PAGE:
Letter to the Editor

SHS dress code article

Friday, September 10, 2021

In response to the Sept. 6 article posted in the Spencer Daily Reporter titled: “Petition against SHS dress code enforcement tops 1,500 signatures.”

At Spencer Schools, we take great pride in our students, our staff, our schools and our community. We have students who want to learn and grow as individuals. We have staff who want to teach and prepare children to be successful in the world they will enter after leaving Spencer Schools. We have parents who want for their children to succeed in life and grow up to be good people. Finally, we have a community that has always been supportive of our schools.

We also take pride in the positive learning environment that our staff and administrators work so hard to create for all students. Programs that we have in place, such as the Capturing Kids Hearts program promotes the development of positive relationships among students, and between students and staff members. These efforts are intentional and meant to help all students feel comfortable and supported.

I was disappointed that this article publicly accuses staff members at Spencer High School of inappropriate actions as they were trying to enforce the rules that help to provide a welcoming environment for all. There have been no first-hand accounts of any staff members asking or requiring any student to raise their arms or to bend over to check for the appropriate dress or for any other reason.

The article provides an inaccurate description of our schools and our staff. The article relies on hearsay and second/third hand accounts of what supposedly happened. I am here to tell you that investigations of the allegations have found no inappropriate actions by any staff members. If any inappropriate actions had taken place, those actions would be corrected.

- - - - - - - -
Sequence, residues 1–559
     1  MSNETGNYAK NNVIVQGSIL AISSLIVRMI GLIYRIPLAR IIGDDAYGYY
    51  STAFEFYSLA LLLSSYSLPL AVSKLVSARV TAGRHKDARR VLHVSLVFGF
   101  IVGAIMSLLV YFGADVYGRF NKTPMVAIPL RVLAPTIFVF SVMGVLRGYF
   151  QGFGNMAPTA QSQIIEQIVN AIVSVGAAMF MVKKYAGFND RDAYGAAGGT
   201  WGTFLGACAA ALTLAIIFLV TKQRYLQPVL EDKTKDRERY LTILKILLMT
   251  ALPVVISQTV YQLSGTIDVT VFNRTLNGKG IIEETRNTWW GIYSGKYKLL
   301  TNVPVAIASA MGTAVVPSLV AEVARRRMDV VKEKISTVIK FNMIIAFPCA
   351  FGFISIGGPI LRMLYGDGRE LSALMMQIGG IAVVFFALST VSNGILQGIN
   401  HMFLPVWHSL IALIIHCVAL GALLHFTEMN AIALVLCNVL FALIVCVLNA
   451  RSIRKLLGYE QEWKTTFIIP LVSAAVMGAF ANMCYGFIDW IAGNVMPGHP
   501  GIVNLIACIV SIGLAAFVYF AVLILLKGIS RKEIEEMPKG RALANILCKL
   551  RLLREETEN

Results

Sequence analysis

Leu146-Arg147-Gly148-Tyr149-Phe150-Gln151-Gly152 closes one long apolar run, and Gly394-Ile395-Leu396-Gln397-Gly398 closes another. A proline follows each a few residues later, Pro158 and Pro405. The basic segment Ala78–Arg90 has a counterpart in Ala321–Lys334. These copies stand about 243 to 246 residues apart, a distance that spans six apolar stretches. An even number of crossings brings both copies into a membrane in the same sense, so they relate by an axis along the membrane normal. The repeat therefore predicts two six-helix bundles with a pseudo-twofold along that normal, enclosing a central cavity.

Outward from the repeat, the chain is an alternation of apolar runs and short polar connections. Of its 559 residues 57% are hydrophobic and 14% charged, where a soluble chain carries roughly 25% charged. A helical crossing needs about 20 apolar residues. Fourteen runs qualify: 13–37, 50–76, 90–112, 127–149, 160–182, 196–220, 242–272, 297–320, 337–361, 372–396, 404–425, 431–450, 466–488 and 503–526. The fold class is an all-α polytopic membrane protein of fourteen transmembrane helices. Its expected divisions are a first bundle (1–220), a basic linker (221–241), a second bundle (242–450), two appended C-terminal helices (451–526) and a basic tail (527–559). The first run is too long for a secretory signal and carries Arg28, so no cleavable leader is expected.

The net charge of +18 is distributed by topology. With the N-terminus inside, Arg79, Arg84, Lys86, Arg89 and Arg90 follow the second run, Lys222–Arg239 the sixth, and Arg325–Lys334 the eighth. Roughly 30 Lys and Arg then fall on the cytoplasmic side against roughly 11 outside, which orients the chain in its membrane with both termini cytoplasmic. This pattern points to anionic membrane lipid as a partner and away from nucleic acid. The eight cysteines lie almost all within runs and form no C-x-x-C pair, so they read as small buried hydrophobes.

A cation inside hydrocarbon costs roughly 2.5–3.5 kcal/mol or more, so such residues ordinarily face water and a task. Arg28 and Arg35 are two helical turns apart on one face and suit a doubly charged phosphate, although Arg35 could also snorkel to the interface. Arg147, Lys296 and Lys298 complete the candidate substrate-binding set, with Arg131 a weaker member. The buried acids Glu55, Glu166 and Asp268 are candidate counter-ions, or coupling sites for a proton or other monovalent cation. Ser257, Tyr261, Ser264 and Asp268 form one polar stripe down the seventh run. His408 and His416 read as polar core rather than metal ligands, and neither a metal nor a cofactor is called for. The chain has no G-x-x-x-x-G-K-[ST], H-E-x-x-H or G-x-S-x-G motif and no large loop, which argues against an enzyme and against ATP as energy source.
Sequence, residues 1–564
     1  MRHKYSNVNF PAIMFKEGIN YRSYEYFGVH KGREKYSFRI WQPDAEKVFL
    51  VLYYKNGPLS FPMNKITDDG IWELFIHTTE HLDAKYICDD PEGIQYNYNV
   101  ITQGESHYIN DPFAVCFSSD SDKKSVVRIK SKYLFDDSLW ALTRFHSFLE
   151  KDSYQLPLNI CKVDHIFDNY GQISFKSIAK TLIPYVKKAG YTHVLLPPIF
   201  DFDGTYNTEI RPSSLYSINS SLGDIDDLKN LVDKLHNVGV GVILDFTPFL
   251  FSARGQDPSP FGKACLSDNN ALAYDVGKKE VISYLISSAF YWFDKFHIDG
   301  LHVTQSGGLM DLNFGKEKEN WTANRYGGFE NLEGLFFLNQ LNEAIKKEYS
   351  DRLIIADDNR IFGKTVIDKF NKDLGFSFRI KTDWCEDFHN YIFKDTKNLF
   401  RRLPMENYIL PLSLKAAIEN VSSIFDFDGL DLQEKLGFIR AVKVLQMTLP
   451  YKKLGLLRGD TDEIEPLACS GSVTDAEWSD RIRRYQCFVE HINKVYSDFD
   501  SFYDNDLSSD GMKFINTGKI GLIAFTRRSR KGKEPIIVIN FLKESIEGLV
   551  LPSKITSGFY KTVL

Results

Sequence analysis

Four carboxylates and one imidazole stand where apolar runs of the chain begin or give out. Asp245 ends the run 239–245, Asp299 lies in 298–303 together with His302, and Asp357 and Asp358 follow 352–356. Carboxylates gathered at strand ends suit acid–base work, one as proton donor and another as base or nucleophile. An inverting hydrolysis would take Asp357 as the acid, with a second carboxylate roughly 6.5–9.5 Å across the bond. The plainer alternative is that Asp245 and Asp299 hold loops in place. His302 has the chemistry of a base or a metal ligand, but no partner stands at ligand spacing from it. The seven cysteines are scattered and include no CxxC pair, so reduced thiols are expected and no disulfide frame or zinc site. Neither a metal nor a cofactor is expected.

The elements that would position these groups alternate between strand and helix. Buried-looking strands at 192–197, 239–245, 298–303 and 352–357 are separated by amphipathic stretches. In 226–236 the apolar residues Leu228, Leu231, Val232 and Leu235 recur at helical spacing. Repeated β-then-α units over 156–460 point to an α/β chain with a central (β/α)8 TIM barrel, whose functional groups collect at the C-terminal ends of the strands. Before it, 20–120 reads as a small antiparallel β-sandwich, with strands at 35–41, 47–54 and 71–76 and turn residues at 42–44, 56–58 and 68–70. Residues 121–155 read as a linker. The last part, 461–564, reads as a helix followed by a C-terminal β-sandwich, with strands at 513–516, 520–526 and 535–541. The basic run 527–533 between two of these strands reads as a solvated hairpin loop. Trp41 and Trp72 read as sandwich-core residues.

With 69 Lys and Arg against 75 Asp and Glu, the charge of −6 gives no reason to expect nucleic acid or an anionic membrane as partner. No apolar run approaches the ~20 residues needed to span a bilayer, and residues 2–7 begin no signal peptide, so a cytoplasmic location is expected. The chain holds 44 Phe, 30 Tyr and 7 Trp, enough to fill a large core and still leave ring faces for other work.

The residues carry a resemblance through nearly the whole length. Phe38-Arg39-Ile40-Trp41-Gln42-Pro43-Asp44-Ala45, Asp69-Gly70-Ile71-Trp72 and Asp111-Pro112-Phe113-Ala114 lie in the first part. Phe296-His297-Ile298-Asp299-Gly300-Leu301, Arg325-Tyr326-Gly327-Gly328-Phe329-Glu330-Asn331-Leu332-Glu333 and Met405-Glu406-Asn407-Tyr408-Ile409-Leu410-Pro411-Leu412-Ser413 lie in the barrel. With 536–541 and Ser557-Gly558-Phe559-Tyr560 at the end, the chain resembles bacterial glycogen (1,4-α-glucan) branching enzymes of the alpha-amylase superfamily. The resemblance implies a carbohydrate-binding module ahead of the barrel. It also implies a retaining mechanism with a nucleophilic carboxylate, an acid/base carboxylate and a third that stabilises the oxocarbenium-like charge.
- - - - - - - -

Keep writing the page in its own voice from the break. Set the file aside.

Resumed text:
The now, widespread assumptions being made are not accurate and are demeaning to our staff members who are trying to provide a safe and welcoming environment for all students.

Below is a list of accurate, factual information that needs to be shared with the community:

• No student was ever asked to raise their arms nor to bend over. Dress code violations are not a regular occurrence at SHS. When they occur, the student is typically spoken to by a principal or school counselor.

• Just as teachers stand at the door of their classroom to welcome students each day, administrators stand at the entrances to welcome students to the building.

• Every fall Mr. Beehler and other school administrators go through the handbook with students, after which students sign off to indicate they understand the handbook. This includes a rationale for the dress code and a consequence in the event the dress code is not followed.

• Because students have signed their name to acknowledge they understand the handbook, including the dress code, if a student must go home in order to change clothes to comply, the subsequent absence is deemed unexcused. The consequence for an unexcused absence is 50 minutes of detention which may be served any time; serving the detention is not required to be immediate as stated by the newspaper.

• Code 502.1 is the School Board Policy regarding Student Appearance. The SHS handbook provides more specific guidance for students and parents.

• The headline reads "Petition against dress code ..." — the student in the Sept. 6 article stated that her position is not one against the dress code, but rather against the enforcement of the dress code.

• The meeting between Mr. Dible and students included two concerned students, not several. A female staff member joined this meeting.

• Upon learning that past precedent for proposing changes to any policy or practice welcomes student voice, begins with a conversation between the high school administration and students, and does not rise to the level of the school board immediately, the student acknowledged that she understood.

It is our hope that this information provides clarification and creates a better understanding of the issue, and we look forward to continued community trust and support which are essential to a successful school district.